Once you’ve found the house that you want to buy, it’s time to make an offer. Once the seller accepts your offer (usually after some negotiations), you have created a contract for the sale of the home. Real estate agents will usually suggest the use of a standard form that contains the required information for a home sale contract. The use of standard forms helps ensure that the specific requirements for a home sale contract are met, but it can still be a good idea to have a real estate contract reviewed by an experienced attorney before signing on the dotted line.
Real estate contracts are special instruments, and have unique requirements in addition to the standard rules for contract formation. This article explains some of the elements that contracts for the sale of a home must contain and offers advice on how to get the most favorable contract as a buyer. Pay particularly close attention if you are not using a real estate agent, or if you are buying directly from the owner, in order to avoid problems with the deal down the line.
The Statute of Frauds
The Statute of Frauds is an ancient piece of English common law that has been adopted in the United States. In essence, the Statute of Frauds requires certain types of contract to be in writing and contain specific sorts of details about the arrangement. This is to prevent a person from cheating someone else by claiming a breach of a fraudulent oral contract.
Sales of real estate fall under the Statute of Frauds, and so all contracts for the sale of a home must be in writing. As mentioned above, real estate agents should know this and should always make sure that the terms of the deal are in writing. If, however, you are not using an agent, always be sure to put the purchase agreement into writing so the seller can’t back out later on the grounds that the contract violates the Statute of Frauds.
Not only does the home sale contract have to be in writing, it must also contain certain elements in order to be enforceable. Specifically, the contract must:
List the parties involved in the transaction.
Contain the description of the property. Usually this involves both the address of the property and its legal description.
Include the purchase price for the property.
Be signed by all the necessary parties to the sale.
In addition to what is required to enforce the contract under the Statute of Frauds, there are other elements that a home sale contract should include in order to protect the buyer and seller and ensure that the transaction goes down smoothly with as few opportunities for disagreement as possible. These additional elements that should appear in the contract include:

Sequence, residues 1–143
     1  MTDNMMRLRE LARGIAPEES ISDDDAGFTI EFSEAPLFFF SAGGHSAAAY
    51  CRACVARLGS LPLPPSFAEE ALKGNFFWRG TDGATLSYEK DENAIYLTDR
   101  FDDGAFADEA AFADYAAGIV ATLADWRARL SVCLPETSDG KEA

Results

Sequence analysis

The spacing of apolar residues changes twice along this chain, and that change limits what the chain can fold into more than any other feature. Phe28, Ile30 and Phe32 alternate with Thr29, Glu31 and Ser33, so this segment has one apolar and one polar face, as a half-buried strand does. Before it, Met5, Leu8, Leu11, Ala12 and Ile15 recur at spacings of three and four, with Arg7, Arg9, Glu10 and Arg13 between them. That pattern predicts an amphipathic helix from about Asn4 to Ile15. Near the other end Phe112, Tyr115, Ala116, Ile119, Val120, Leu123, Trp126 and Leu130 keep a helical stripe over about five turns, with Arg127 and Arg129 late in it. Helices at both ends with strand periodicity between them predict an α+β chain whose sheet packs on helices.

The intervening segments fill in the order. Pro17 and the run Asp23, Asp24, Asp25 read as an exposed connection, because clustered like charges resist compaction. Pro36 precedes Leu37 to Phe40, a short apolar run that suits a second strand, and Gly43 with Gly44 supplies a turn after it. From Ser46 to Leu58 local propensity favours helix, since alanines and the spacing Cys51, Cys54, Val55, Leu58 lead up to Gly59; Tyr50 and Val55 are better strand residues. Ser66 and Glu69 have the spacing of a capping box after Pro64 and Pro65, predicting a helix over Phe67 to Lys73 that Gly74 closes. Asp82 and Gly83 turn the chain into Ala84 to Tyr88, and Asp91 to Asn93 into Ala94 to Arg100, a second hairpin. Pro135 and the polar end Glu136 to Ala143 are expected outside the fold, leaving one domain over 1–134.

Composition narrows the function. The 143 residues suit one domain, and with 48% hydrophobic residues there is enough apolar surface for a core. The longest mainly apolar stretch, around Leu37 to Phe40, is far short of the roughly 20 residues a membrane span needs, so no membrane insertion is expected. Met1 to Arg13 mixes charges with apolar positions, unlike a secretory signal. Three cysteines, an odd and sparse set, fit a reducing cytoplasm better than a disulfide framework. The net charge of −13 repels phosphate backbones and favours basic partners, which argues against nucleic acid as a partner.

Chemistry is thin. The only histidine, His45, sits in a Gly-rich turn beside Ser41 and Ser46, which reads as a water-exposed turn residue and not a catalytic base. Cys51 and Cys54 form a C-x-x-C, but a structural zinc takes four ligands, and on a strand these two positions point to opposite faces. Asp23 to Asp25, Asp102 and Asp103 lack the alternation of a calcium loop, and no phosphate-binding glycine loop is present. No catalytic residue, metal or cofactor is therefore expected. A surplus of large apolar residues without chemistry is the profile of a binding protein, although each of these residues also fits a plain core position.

The date that for the settlement of the transaction and the date when the buyer can take possession of the property.
A guarantee that the seller possesses clear title to the property.
A clause that allows the buyer to make inspections of the property for damage, pest infestations, etc.
The names of the escrow and closing agents.
Contingency clauses that address the proper actions if certain situations arise. For example, if the buyer can’t obtain financing by a certain date, a contingency clause could allow the seller to back out of the deal. A different contingency clause could also require the seller to pay for certain types of structural damage repair or pest eradication.
A clause, sometimes referred to as a “liquidated damages clause,” that requires the seller to pay the buyer a specified amount of money for each day that the buyer has to delay moving into the house.
Getting the Best Contract as a Buyer
Obviously the first step towards getting the best contract possible is to get the seller to agree to your preferred purchase price. Even if you’ve managed to achieve that, however, there are still other details you should include in the purchase agreement to make sure that you are protected in the deal. Decide beforehand which of these is the most important to you and be prepared to give up some of the others as concessions in order to keep the most important terms.
Every home sale contract should have a clause allowing for inspections, but make sure that there is also a contingency clause that covers situations that could arise out of the inspections. Basically, the clause should state that the seller is responsible for repairing any damage or dealing with any pest infestations. You may also want to include a provision that allows you to back out of the deal if the problem is too severe.
You may also want to include a contingency clause that allows you to void your offer if you can’t secure financing before a certain date. Sellers will usually be happy to include this provision; after all, if you can’t get the money to buy the house, the seller will want to keep looking for another buyer.
You should also try to include a clause that makes it clear that the seller is responsible for paying utilities, fees, taxes, etc. for the property up until the transaction is settled. Along the same lines, always include the liquidated damages clause mentioned above to cover you for any expenses you may incur from a delayed move in date.